The numerous areas of investment required to get started in franchising come in various shapes and sizes, so make sure you explore how to pay both up-front fees and ongoing operating costs over the life of your franchise.
The startup charge and, most likely, some form of the ongoing fee will be included in purchasing a franchise (also called royalty or service fee). Because there is so much diversity from franchise to franchise, it isn’t easy to specify what else is included in a typical start-up package. However, all possible inclusions are shopfitting, equipment, initial stock, and the first franchise fee.
The franchise cost is paid upfront.
The first price is what you pay to get the right to use the brand name in a particular region and be taught and given guidance. A franchise may cost as little as £10,000 or as much as £5 million, but according to a study by the British Franchise Association, the average cost is roughly £40,000. The initial cost is usually between 5% and 10% of the overall investment, although it may be as high as 40% or 50%.
An ongoing service charge paid weekly or monthly to your franchisor may range from zero to 20% of sales but is likely to be around 7% or 8% on average. The absence of a service charge does not imply that you will be responsible for the initial start-up costs. Mark-ups on goods and equipment may also be used to pay franchisors.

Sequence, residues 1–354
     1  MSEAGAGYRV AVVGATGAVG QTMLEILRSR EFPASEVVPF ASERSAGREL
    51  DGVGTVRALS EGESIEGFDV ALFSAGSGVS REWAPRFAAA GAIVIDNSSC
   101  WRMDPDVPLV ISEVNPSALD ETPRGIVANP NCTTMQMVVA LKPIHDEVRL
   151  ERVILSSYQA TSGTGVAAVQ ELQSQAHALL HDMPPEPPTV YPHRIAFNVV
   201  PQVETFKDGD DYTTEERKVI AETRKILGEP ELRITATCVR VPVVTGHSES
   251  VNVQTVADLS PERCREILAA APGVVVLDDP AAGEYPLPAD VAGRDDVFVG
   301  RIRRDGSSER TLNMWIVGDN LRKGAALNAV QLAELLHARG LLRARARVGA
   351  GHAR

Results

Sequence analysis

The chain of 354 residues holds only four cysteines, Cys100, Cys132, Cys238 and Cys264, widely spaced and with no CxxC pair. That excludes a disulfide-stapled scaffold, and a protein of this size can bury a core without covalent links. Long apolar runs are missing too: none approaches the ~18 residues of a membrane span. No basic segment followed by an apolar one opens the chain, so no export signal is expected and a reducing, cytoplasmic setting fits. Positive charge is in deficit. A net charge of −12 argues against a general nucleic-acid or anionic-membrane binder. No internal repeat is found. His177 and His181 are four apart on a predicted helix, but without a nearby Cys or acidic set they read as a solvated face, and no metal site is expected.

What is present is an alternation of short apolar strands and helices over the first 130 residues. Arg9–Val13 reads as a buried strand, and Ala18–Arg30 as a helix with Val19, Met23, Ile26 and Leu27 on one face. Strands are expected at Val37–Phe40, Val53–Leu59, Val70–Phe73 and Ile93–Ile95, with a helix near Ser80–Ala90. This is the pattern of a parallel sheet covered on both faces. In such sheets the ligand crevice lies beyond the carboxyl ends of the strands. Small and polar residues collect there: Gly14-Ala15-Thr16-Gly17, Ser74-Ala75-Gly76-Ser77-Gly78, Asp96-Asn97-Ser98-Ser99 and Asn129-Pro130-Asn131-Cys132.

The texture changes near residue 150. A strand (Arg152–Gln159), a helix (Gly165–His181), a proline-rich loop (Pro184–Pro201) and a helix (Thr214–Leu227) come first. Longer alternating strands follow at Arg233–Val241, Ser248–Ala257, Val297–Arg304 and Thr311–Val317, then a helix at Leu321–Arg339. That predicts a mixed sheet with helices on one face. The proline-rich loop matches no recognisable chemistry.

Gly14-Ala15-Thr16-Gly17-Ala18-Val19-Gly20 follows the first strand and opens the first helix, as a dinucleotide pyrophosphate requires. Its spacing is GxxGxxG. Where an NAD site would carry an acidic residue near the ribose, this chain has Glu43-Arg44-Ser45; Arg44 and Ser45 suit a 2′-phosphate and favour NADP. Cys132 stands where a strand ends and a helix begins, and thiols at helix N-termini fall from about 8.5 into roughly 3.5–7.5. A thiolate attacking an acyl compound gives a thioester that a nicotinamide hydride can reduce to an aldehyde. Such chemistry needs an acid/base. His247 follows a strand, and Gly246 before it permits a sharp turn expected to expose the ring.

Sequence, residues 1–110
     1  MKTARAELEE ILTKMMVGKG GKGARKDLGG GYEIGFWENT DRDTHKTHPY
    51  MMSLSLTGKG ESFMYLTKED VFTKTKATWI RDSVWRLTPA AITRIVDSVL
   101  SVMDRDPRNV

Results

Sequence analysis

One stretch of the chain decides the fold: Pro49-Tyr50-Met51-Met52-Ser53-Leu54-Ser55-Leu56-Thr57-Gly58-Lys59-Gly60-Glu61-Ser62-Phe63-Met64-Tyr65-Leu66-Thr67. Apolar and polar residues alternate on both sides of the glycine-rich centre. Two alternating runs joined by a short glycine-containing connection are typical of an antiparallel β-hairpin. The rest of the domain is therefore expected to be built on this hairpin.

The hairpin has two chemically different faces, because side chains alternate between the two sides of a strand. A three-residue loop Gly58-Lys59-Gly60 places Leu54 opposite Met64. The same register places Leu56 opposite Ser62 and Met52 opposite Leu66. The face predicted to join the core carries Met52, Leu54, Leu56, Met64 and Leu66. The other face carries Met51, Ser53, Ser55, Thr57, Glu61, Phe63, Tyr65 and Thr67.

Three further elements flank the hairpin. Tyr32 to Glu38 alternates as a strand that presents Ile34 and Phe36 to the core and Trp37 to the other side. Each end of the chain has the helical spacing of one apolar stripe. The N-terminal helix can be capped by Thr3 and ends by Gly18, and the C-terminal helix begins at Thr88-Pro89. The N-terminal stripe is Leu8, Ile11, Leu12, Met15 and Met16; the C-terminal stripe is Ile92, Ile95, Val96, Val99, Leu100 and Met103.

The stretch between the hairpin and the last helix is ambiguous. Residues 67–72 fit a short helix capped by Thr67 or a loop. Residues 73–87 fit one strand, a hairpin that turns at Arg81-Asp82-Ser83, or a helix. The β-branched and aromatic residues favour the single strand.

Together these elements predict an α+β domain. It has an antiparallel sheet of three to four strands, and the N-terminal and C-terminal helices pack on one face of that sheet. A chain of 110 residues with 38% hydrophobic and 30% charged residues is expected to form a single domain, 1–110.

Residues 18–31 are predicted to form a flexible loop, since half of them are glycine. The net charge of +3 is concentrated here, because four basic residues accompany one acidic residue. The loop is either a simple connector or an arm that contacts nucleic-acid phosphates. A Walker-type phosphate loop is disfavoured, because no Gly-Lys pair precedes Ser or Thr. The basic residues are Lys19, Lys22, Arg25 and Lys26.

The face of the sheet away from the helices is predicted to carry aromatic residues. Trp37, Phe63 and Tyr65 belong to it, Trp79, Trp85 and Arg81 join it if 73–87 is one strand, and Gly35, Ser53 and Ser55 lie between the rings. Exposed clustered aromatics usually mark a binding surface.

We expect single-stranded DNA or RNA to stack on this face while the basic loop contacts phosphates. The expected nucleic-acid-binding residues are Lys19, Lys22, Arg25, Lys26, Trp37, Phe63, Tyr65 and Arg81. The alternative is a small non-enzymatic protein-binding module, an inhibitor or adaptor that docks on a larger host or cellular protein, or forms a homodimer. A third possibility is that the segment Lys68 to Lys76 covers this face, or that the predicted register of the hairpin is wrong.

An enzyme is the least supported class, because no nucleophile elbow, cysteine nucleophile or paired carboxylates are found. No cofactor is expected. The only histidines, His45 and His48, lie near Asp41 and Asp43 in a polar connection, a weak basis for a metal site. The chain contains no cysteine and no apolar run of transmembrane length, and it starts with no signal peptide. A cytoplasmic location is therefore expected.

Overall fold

A cheap service cost is not always beneficial to you. The franchisor must maintain an ongoing interest in promoting and enhancing the business model. This can only be accomplished if the franchisee must pay the franchisor regularly.
The service charge is frequently calculated based on sales rather than profits by franchisors. This is due to the effort and expense involved in monitoring franchisee accounts to guarantee that the franchisor receives the right amount. If the charge is based on profits rather than sales, this monitoring must include expenses and revenues, making the work twice as tough.
“In most cases, franchisors prefer to base service fees on sales rather than profits.”
On the other hand, a fee based on sales might be unfavorable to the franchisee. If the business’s expenses turn out to be more than expected, the franchisee may find it difficult to pay the service charge.
If the service charge is based on sales rather than profits, you should not underestimate its amount. If your expenditures are 60% of your sales value, a service price of 10% of sales amounts to a service fee of a fourth of your profits. Before you sign, figure out the numbers.
What happens if you wish to extend your franchise deal after the initial franchise term is to keep in mind. Is it possible for the franchisor to raise the service charge amount under the terms of the contract? Try to get a better deal on this since you don’t want the franchisor to get a more significant cut of your hard work.